Dior perfume ad featuring Johnny Depp criticized over Native American tropes

Dior’s Sauvage ad featuring Johnny Depp has been called “deeply offensive and racist”.

Dior’s Sauvage ad featuring Johnny Depp has been called “deeply offensive and racist”. Photograph: Dior

Dior is facing backlash for promoting its perfume line Sauvage with an advertisement featuring Native American imagery.

The fashion brand teased the ad, which stars actor Johnny Depp, on Twitter on Friday as “an authentic journey deep into the Native American soul in a sacred, founding and secular territory”. It has since deleted the tweet and all references to the campaign on social media.

An extended video promoting the $150 fragrance shows Depp walking amid the red rocks of south-western Utah, stacking rocks to mark his path, as a Native American fancy war dancer Canku One Star, a Rosebud Sioux member, performs on cliff and a young woman, portrayed by Canadian actor of First Nations descent Tanaya Beatty, follows Depp from a distance.

In Dior’s Sauvage ad, featuring Johnny Depp, Tanaya Beatty, a Canadian actor of First Nations descent follows Depp from a distance.
 In Dior’s Sauvage ad, featuring Johnny Depp, Tanaya Beatty, a Canadian actor of First Nations descent follows Depp from a distance. Photograph: Dior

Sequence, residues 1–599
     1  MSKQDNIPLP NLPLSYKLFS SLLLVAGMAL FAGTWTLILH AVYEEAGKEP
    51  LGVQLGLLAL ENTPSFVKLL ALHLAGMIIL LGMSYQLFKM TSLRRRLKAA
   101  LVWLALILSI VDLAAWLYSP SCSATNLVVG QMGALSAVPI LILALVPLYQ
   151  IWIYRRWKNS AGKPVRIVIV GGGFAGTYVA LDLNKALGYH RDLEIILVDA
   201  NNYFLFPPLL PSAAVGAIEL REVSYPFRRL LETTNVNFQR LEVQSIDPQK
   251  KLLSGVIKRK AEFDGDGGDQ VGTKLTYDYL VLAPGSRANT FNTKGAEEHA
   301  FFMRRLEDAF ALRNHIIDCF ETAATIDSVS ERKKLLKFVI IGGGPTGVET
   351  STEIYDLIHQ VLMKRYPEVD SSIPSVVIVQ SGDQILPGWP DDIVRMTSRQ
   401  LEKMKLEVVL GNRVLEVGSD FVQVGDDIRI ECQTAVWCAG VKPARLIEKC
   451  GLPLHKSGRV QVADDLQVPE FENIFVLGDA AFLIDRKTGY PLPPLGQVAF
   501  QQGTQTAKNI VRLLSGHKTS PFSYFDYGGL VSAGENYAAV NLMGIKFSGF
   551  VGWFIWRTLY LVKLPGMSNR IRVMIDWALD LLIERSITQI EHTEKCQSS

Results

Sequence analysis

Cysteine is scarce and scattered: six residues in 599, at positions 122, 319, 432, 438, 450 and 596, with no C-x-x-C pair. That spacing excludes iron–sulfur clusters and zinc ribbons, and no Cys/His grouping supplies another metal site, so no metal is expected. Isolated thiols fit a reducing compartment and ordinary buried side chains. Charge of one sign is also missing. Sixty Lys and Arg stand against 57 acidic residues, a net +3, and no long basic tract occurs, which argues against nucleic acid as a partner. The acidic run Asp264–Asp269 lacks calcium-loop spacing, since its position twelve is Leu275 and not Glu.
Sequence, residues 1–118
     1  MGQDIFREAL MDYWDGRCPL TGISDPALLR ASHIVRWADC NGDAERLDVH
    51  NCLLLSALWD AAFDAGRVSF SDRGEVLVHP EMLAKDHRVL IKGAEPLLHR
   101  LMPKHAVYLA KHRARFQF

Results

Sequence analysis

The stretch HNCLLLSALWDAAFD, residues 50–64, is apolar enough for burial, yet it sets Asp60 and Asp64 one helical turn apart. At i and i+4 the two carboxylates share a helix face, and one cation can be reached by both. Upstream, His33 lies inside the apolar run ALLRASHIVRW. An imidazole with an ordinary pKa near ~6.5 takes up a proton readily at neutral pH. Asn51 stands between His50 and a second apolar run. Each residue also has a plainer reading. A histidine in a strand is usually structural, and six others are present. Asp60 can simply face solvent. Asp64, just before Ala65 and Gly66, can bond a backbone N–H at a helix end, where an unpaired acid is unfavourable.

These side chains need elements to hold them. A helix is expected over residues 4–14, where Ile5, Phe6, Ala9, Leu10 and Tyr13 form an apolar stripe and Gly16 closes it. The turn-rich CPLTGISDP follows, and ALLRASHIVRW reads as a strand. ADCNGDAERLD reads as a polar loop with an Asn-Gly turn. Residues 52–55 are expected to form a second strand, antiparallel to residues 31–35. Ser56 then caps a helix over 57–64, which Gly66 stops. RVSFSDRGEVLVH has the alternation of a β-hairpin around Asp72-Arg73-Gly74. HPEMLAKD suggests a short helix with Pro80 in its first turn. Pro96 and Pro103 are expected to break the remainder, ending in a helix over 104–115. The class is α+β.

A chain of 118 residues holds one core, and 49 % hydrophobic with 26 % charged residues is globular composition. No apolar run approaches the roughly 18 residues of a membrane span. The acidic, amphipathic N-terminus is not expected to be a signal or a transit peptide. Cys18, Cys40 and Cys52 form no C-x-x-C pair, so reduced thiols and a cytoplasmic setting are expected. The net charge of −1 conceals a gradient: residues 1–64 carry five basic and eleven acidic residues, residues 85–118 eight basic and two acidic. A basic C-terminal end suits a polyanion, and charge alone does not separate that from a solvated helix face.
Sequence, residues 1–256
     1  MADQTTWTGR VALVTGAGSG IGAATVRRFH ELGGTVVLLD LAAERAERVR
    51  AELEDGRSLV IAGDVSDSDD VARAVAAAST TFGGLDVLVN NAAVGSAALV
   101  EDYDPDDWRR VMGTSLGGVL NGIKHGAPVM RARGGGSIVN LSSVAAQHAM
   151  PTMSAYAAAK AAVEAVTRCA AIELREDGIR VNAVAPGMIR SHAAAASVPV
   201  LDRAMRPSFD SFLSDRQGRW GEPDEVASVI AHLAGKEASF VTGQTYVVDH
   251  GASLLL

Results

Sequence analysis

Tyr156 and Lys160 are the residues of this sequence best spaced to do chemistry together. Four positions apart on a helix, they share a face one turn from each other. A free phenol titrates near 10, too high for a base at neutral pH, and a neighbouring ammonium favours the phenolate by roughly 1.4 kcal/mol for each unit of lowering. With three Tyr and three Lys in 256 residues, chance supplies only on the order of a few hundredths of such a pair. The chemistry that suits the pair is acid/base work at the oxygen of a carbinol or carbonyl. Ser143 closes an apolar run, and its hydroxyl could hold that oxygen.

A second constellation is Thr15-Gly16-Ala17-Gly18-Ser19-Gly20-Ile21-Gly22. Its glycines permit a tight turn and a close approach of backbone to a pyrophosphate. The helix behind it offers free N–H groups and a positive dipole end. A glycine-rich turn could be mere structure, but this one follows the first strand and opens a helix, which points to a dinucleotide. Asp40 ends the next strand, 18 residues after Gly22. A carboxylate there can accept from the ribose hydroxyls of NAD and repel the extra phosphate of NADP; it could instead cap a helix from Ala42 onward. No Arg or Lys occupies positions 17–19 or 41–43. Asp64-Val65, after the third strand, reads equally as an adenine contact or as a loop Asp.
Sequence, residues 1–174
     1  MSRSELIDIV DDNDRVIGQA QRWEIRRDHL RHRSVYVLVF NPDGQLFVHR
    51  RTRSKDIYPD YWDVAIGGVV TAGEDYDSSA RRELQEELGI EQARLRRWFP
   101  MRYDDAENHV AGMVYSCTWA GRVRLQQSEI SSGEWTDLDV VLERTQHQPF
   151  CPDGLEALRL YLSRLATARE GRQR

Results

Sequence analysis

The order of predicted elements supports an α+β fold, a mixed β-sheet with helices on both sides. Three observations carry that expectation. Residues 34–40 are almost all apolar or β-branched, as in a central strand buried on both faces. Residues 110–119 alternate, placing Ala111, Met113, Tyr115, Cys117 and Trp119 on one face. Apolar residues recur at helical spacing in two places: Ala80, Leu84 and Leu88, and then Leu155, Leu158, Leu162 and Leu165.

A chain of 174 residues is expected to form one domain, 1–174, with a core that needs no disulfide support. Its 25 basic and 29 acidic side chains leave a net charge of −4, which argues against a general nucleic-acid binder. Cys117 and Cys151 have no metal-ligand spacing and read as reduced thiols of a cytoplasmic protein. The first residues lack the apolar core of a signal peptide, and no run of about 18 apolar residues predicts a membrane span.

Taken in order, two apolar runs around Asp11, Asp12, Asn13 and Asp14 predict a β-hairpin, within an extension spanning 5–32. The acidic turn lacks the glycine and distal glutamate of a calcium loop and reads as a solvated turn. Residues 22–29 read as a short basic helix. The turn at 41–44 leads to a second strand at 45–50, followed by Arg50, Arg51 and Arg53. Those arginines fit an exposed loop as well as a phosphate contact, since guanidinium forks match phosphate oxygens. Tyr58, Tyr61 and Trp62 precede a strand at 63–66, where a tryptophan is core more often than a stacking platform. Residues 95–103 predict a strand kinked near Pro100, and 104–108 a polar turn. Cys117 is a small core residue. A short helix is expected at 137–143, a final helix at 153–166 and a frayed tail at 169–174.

Depp also whips out a guitar and plays a famous riff by Shawnee guitarist Link Wray.

Scholars and critics have responded that the campaign is racist and a clear cut case of appropriation.

“It is so deeply offensive and racist,” said Crystal Echo Hawk, CEO of the media watchdog group IllumiNative. “I don’t know how anyone in 2019 can think a campaign like this can go down well.”

Dior’s Sauvage line of perfumes isn’t new – it first launched in the 1960s – but the brand’s continued use of the name alongside Native American imagery has drawn particular criticism. The French name of the fragrance line translates to “wild” or “savage” in English.

“These types of tropes, these types of narratives about Native people as savages they do real harm,” Echo Hawk said. “And fuel racism.”

“Honestly, I couldn’t help but laugh because this drips with irony – every single aspect of it,” said Dallas Goldtooth, an organizer with the Indigenous Environmental Network, an environmental and economic justice group. “But I’m also upset and angry at the same time.”

The video “romanticized Native Americans as relics from the past”, Goldtooth said. “It’s deplorable that Dior thought this was appropriate.”

In a press release, the French fashion giant noted that the film was created in collaboration with Native American consultants and the advocacy group Americans for Indian Opportunity, with the aim of “moving away from clichés in order to avoid the cultural appropriation and subversion that so often taints images representing Native peoples”.

But Dior’s attempt to work with Native Americans fell short, critics said. “It feels like they tried to do it ‘right’ and involved some great people – but it’s still an ad for a notoriously racist company and a product called ‘Savage’,” wrote Adrienne Keene, a scholar and founder of the blog Native Appropriations.

Depp has previously drawn criticism for his portrayal of Tonto, a Native American character in Disney’s 2013 remake of The Lone Ranger.

Dior did not respond directly to a request for comment.

[“source=theguardian”]